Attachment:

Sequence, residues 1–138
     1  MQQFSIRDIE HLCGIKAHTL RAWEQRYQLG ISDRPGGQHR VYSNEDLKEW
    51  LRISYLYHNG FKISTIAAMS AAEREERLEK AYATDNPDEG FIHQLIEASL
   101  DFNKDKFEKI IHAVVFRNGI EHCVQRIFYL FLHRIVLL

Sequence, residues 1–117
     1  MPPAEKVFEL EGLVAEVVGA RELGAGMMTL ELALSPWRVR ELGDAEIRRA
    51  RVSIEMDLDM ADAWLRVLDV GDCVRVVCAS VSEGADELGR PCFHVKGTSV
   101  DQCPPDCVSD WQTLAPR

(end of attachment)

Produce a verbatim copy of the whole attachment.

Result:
Sequence, residues 1–138
     1  MQQFSIRDIE HLCGIKAHTL RAWEQRYQLG ISDRPGGQHR VYSNEDLKEW
    51  LRISYLYHNG FKISTIAAMS AAEREERLEK AYATDNPDEG FIHQLIEASL
   101  DFNKDKFEKI IHAVVFRNGI EHCVQRIFYL FLHRIVLL

Sequence, residues 1–117
     1  MPPAEKVFEL EGLVAEVVGA RELGAGMMTL ELALSPWRVR ELGDAEIRRA
    51  RVSIEMDLDM ADAWLRVLDV GDCVRVVCAS VSEGADELGR PCFHVKGTSV
   101  DQCPPDCVSD WQTLAPR